When a photo competition awards landscape photography, it’s usually with a single category.
But Australian landscape photography legend Ken Duncan says there are two vastly different styles of landscape photography, and it’s time to identify each accordingly. What he’s referring to is ‘photo realism’ and ‘photo illustration’, and he’s launched ‘The Real Australia Landscape Awards’ to help separate the two.
‘I feel that having “The Real” awards will really help create a distinction between photo illustration and photo realism,’ Duncan told Pro Counter. ‘Now I love photo illustration, I do photo illustration as well. But for the marketplace we need to create a distinction so people understand and can have expectations about what they’re looking at.’
‘Photo realism’ is about capturing an honest interpretation of a place – a real decisive moment in time. Whereas ‘photo illustration’ is also photographing a real place, but altering or Photoshopping the image to, well, become an illustration.
‘For a (real) landscape, you’re waiting for a moment. It may take days, you can work on a shot for a long time to get the right light,’ Duncan said. ‘That’s the skill, a person who is willing to put up with it and go out into remote conditions. A guy like Andris Apse (one of the judges), who is helicoptered into an area and stays there for weeks waiting for that one moment.’
Duncan reels off the scenario where an individual visits a gallery, views a print and proclaims the image is ‘just Photoshopped’, unaware or worse, in disbelief that the photographer may have waited eight hours for the light to create a magical moment.
He’s become increasingly concerned for the industry and believes if the competition goes as he envisions, it may help shift public perception and create job opportunities for landscape purists.
While discussing the two styles, Duncan insists that he’s not saying one is better than the other, but is finding that photo illustrations are taking out most of the accolades.
The competition is open to anyone from around the world, provided the image entered was captured in Australia in the last 10 years – and is real.
Duncan will judge the competition, along with two international judges: New Zealand landscape photographer Andris Apse; and US landscape photographer, and owner of website Luminous Landscapes, Kevin Raber.
Duncan chose the two international judges for several reasons. First, their credentials make them more than qualified as judges of such a competition. Second, this allows all Australian landscape photographers to enter. And third, they won’t be familiar with styles specific to particular Australian photographers (and they won’t be given any personal information on the entrant while judging).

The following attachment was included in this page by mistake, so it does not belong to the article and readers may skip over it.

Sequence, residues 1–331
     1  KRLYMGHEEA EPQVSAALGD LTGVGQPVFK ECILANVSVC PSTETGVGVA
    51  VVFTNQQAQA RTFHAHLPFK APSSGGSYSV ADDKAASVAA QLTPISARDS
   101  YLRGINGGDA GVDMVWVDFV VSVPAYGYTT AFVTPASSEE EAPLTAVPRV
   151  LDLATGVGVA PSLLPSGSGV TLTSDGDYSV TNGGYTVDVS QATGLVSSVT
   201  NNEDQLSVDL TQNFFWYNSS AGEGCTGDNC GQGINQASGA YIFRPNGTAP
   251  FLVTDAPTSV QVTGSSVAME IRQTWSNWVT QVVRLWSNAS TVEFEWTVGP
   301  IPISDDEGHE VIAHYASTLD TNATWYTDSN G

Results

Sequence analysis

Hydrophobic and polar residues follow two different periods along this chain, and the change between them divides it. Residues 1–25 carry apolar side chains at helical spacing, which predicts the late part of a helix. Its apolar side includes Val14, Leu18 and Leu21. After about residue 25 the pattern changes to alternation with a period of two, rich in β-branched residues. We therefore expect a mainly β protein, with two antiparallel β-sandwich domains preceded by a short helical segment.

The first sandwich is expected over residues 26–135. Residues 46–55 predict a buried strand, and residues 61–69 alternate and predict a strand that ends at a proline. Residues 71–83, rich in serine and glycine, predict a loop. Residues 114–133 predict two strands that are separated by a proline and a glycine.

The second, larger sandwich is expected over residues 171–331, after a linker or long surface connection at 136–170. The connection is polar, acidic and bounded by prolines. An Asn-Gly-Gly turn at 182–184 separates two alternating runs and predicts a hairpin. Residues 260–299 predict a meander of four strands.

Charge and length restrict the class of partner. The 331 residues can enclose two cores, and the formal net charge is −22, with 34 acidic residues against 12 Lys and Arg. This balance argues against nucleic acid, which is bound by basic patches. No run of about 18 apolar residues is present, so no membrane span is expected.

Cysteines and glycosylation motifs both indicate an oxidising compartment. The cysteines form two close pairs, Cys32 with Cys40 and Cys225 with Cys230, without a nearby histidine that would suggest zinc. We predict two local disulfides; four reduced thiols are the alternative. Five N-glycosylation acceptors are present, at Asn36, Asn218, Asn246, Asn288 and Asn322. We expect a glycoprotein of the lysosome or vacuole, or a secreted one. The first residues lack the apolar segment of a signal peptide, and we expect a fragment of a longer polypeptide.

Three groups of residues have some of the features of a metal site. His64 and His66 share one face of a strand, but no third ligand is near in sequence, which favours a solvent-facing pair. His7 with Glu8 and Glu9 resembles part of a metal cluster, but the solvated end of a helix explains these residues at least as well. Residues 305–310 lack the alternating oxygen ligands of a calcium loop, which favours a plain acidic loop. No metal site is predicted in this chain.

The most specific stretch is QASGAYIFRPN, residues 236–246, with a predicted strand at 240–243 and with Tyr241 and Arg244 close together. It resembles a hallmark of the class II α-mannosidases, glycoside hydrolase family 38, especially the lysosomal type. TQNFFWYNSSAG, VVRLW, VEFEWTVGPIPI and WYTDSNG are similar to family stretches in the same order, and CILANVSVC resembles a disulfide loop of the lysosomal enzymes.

The terms and conditions state that each photo has to be ‘an honest interpretation of the scene’, with minimal post-processing. Photo-stitching is allowed for panoramic images that don’t exceed 180 degrees. Additionally, monochrome photos are allowed as a nod to the historical roots of landscape photography.
‘It just has to look real,’ he said. ‘It’s sort of like a forest. When you shoot a forest that’s been tampered with, you can sense it straight away. When you shoot a pristine forest, it’s got a different feeling. This is what I’m referring to with ‘photo realism’.
The competition is planned to run yearly and be built up to create a photobook featuring the finest photo realist landscape photos from around Australia. Ideally the book will be sold at bookstores around the world to showcase the talent of the photographers.
‘A lot of books are done for just the members. We need to get the books out to the general public – the people who buy the work,’ Duncan said. ‘A lot of people think they’re photographers, but I want to show them why they need to get someone that really knows that they’re doing.’
There’s $40,000 in prizes up for grabs. The major prize is five-days of all-expenses-paid one-on-one tuition with Ken Duncan. Where he says he’ll take the winner is a secret location, but promises it’ll be a place they’ve never been before.
Entries are open now until June 30. The fee to enter a single image is $25. Three images is $60 and five is $90. Click here to find out more.
The thinking behind The Real Australian Landscape Awards is diametrically different to the Australian-based International Landscape Photographer of the Year awards, in which anything goes in terms of photo-manipulation, and purist landscapes compete directly with what Ken Duncan would define as photo illustration.